Scholars outside Germany have, however, been far less accepting of the whole notion of enlightened monarchs, whether they ruled by ' 'despotism" or ''absolutism.'' With some early exceptions such as Geoffrey Bruun, W. H. Bruford, and Leo Gershoy,6 they have from the beginning disputed

    ' Fritz Hartung, ''Die Epochen der absoluten Monarchie in der neueren Ge- schichte,'' Elistorische Zeitschrift 145 (1932): 46-52, and Enlightened Despotism (London, 1957), pp. 20, 23, 28-29, 140; Leo Just, ''Der Aufgeklarte Absolu- tismus,'' in Just et al., Elandbuch der deutschen Geschichte 2 (1938): 1-126; Ernst Walder, ''Zwei Studien uber den aufgeklarten Absolutismus,'' Schweizer Beitrage zur Allgemeinen Geschichte 15 (1957): 136.

    3 Reinhold Koser, ''Die Epochen der absoluten Monarchie in der neueren Geschichte, ' ' Elistorische Zeitschrift 61 (1889): 285.

    4 Hartung, Enlightened Despotism, p. 7. 5 Karl Otmar Fr. von Aretin, ed., Der Aufgeklarte Absolutismus (Cologne,

    1974), p. 14; Eberhard Weis, "Absolute Monarchie und Reform in Deutschland des spaten 18. und des fruhen 19. Jahrhunderts," in Geschichte in der Gesellschaft: Festschrift fur Karl Bosl (Stuttgart, 1974), pp. 438-43; Rudolf Vierhaus, "Deutschland im 18. Jahrhundert," in Aufklarung, Absolutismus, und Burgertum in Deutschland, ed. Franklin Kopitsch (Munich, 1976), pp. 182-83.

    6 Geoffrey Bruun, The Enlightened Despots (New York, 1929); W. H. Bruford, Germ(lnx in the Eighteenth Century (Cambridge, 1965; first published, 1935),

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  • The Problem of "Enlightened Absolutism " S 163

    the German assumption that the monarchs were inspired by benevolent motives, arguing instead that their reforms masked attempts to achieve parallel but less ''enlightened'' goals. French scholars have presented a solid phalanx in charging that the monarchs' attempts to spur economic growth and to reduce the privileges of the church and nobility merely constituted a remedial attempt at state building in the fashion of Louis XIV. In the words of Frangois Bluche, enlightened despotism was merely ''Louis XIV without the wig.''7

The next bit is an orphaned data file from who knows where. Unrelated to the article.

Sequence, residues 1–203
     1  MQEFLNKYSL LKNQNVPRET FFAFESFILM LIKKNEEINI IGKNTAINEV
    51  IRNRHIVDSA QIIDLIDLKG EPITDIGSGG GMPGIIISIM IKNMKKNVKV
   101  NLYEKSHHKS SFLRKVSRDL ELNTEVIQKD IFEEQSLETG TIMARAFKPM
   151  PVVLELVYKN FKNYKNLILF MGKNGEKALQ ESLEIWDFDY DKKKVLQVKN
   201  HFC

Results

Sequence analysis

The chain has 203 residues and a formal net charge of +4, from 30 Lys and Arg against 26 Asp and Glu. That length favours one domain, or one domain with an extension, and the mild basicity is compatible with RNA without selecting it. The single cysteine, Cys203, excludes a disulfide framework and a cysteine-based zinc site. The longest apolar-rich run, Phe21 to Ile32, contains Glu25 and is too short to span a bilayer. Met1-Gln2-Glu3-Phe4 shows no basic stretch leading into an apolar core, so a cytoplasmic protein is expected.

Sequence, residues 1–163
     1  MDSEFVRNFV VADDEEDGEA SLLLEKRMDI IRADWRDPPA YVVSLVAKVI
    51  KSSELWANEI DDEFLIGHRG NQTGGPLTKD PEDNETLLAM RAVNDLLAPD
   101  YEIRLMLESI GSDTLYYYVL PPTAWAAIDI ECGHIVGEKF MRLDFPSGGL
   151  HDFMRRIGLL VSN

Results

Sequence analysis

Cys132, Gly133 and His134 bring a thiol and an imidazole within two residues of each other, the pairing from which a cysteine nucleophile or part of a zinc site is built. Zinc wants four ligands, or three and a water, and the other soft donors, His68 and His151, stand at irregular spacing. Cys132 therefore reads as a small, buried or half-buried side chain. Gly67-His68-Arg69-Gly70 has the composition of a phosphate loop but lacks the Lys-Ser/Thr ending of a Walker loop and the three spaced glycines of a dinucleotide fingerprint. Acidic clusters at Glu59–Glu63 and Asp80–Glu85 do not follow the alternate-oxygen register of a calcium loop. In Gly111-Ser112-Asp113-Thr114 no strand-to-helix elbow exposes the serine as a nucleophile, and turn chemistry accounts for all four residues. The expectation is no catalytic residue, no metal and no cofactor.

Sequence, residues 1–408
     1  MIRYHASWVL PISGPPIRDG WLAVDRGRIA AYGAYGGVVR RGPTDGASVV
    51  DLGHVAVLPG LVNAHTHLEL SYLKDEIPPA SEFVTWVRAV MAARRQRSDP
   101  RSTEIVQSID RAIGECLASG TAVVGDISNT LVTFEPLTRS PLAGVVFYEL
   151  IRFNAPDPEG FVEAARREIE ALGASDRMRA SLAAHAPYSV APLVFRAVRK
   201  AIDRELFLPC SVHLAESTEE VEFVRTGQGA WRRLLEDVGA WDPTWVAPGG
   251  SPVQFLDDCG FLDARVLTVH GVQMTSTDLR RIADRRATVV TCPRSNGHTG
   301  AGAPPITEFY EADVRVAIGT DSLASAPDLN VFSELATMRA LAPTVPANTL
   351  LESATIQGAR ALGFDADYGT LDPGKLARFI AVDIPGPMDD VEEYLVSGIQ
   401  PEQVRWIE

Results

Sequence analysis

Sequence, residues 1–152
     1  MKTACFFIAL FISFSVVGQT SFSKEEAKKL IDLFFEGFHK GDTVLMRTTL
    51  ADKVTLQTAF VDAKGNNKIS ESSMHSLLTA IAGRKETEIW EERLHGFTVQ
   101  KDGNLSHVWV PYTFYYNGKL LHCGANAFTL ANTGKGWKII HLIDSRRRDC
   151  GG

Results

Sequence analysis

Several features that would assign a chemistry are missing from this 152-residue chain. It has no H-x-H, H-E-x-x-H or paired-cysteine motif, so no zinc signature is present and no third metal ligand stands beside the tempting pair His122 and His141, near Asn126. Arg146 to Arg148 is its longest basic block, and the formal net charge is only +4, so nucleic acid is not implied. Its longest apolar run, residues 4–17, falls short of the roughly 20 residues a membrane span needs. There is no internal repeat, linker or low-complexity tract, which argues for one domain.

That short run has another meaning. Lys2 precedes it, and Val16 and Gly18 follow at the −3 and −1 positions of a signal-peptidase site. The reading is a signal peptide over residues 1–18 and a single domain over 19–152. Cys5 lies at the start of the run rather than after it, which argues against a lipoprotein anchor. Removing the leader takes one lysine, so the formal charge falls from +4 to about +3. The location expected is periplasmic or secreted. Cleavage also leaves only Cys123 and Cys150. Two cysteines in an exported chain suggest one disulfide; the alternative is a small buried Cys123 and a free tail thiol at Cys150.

Most Anglo-American historians have concurred with the French thesis, seeing the monarchs as merelzy trying to compete on the international stage with France and Great Britain by minimizing internal opposition and maximizing tax receipts .8 Even East German Marxist historians have joined in the attack on their Western countrymen albeit on their own terms and in their own language by asserting that the monarchs pur- posefully adopted bourgeois counsellors and policies in a dual attempt to catch up with the more economically advanced West and to forestall the inevitable bourgeois revolution.9 Nor have the Marxists been the only German skeptics. German emigre historians such as Hans Kohn, Hans Rosenberg, and Ernst Wangermann have joined the scholars of

    pp.11-43; Leo Gershoy, From Despotism to Revolution, 1763-1789 (New York, 1944) .

    7 FranJcois Bluche, Le despotisme e'claire' (Saint Armand, 1968), pp. 331-33, 353-54; Paul Hazard, European Thought in the Eighteenth Century (New York, 1963), pp. 330-34; Georges Lefebvre, ''Enlightened Despotism" in The De- velopment of the Modern States, ed. Heinz Lubasz (New York, 1964), p. 58; Charles Moraze, ''Finance et despotisme, essai sur les despotes eclaires,'' An- nales Economies, Socie'te's, Civilisations 3 (1948): 279-82, 295-96; Michel L'Heritier, "Le role historique du despotisme eclaire, particulierement au 18e siecle, " Bulletin of the International Committee of Historical Sciences 1 (1928): 601-12; Roland Mousnier and Fritz Hartung, ''Quelques problemes concernant la monarchie absolue,'' in Relazioni del X Congresso internazionale di scienze storiche, vol. 4, Storia moderna (Florence, 1955), p. 17.

    8 George Matthew Dutcher, ''The Enlightened Despotism," Annual Report of the At1A for the Year 1920, pp. 189-98, and ''Further Considerations on the Origins and Nature of the Enlightened Despotism," in Persecution and Liberty: Essays in Elonor of George Lincoln Burr, pp. 275-403; M. S . Anderson, Europe in the Eighteenth Century (London, 1961), pp. 122-23; Robert Darnton, ''In Search of the Enlightenment,'' Journal of Modern Elistory 43 (1971): 122; John Gagliardo, Enlightened Despotism (New York, 1967), pp. 66-68.

    9 Ingrid Mit